Milk Expectations and Reality
The first time I was duped by Turkish milk, I blamed it on ignorance and my American upbringing.
When I poured this milk onto my cereal, I was surprised to see little white gel blobs plopping onto my Special K, followed by a mostly clear liquid. “What is this stuff?” I asked myself. I had just bought the milk that morning, and even checked the date, so I knew it was fresh. Just to be sure, I checked the date again (they use the European/military style of date here, so 10/9/12 means 10 September, not 9 October). Then I sniffed the bowl. Besides the boxed cereal smell, there was nothing sour or rotten. I tried stirring the cereal to some uniform consistency, but really couldn’t destroy or reshape the blobs. I didn’t want to waste the bowl of cereal (they rarely have my faves at the commissary, and the Turkish version tastes like cardboard) so I dropped a spoonful of the weird looking gel/flake/water mixture into my mouth. And then I spit it all out and threw away the milk carton – I didn’t know what was wrong, but I couldn’t keep eating it.
A veterinarian friend later told me that the milk was probably not homogenized, which is the process that keeps breaks down the milk fats so they remain suspended in the liquid for a uniform liquid consistency. It’s also what allows for us to have all of our peculiar levels of fat in milk in America. “Haven’t you seen old people shaking a gallon of milk before they pour it?” she asked me. Before milk in America was always homogenized, you had to shake the milk bottle before pouring to get the palatable look. Who knew? I learned the Turkish word for homogenized (pretty easy, homojenize) and now look for it on the bottles, although it rarely shows up. Annoyed at myself for throwing away a carton of good milk, I now routinely shake my milk too, no matter what the label states.
I did learn one brand that meets my American expectations – Günlük süt (which means daily milk) that is low-fat. I think it’s the most popular brand, since its place on the shelf is frequently empty. When it’s not available, I stare in bewilderment at the dairy aisle. I’ve learned not to buy ayran, a salty yogurt/water drink that comes in bottles packaged deceptively like plain milk, or kefir, a fermented milk product similar to buttermilk.
On my last purchase, I wasn’t paying enough attention to the labels. I bought a bottle of milk produced at the Ataturk Forest Farm, which is a farm and zoo right outside of Ankara. I thought it was local and probably organic. Once again I poured it on my cereal, and although it looked okay, there was an odd taste. I did the date and smell checks again. Although it definitely had a fresh scent, there was something a little off. I tried another bite of the cereal, and once again couldn’t stomach the odd milk. I thought it would be okay in coffee, since there clearly wasn’t anything wrong with the milk. Even the coffee couldn’t overpower the slightly sour tinge though.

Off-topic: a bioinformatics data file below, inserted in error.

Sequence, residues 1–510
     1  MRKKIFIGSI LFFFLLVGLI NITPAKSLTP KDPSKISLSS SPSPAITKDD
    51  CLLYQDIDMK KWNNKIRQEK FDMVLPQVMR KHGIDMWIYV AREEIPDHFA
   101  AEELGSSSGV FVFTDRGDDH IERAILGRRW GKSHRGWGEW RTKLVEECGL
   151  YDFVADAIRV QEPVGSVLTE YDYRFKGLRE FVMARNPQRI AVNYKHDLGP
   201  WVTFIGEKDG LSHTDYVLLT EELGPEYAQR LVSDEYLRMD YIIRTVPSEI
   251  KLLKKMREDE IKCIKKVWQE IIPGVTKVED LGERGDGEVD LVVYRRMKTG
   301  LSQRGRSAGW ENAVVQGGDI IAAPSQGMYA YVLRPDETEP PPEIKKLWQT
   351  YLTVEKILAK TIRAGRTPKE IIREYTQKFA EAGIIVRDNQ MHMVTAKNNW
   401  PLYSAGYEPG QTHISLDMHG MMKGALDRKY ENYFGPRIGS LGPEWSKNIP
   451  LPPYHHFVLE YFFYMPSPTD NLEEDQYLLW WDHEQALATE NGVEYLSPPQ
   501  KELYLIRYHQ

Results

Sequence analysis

When I examined the bottle again, I saw the drawing of a goat, and read “keci,” which means goat, on the list of ingredients,. I’m a compulsive reader, and will skip right over a cartoon to read the captions first – it’s no surprise I missed the obvious goat on the milk bottle. So the weirdness could be attributed to goat milk, which I guess will do in a pinch, but tastes odd for an American raised on the cow stuff.
Having had to learn the lesson twice, I now know to read the labels of everything I buy in Turkey.
A harder pill to swallow is how easy life in America is, at least compared to most of the rest of the world. Even 7-11 sells a variety of milks. When a lactose-intolerant friend visited, we tried to find a dairy alternative, like soy or almond milk, with no success. When I go abroad, although I usually drop expectations of American life, little things like this always remind me how lucky we are.
Hopefully the next food surprise will be pleasant.